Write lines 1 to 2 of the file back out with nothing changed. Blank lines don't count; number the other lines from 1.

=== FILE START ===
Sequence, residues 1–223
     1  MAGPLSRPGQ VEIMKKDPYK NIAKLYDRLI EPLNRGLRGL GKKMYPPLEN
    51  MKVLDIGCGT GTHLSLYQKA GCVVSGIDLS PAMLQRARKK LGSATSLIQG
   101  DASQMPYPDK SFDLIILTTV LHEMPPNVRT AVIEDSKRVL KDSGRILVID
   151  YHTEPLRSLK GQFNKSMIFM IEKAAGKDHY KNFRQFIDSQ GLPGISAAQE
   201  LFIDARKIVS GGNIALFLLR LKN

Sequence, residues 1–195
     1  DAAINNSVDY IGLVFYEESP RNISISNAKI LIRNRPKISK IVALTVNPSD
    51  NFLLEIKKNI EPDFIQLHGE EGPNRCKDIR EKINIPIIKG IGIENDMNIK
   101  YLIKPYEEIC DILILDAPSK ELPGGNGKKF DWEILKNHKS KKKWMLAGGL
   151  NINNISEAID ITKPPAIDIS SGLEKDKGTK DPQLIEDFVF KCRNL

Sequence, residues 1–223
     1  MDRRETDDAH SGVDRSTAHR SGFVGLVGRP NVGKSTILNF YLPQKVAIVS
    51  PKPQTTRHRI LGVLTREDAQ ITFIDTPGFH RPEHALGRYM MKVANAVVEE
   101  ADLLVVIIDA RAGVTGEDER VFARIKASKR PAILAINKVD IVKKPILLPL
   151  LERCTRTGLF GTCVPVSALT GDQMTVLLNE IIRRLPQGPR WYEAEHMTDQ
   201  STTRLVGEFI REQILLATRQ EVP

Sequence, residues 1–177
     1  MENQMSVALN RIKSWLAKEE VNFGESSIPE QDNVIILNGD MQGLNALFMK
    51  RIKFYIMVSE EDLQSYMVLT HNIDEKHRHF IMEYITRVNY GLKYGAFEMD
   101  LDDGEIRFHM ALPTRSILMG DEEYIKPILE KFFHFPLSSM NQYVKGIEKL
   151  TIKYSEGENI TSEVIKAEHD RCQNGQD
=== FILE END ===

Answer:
Sequence, residues 1–223
     1  MAGPLSRPGQ VEIMKKDPYK NIAKLYDRLI EPLNRGLRGL GKKMYPPLEN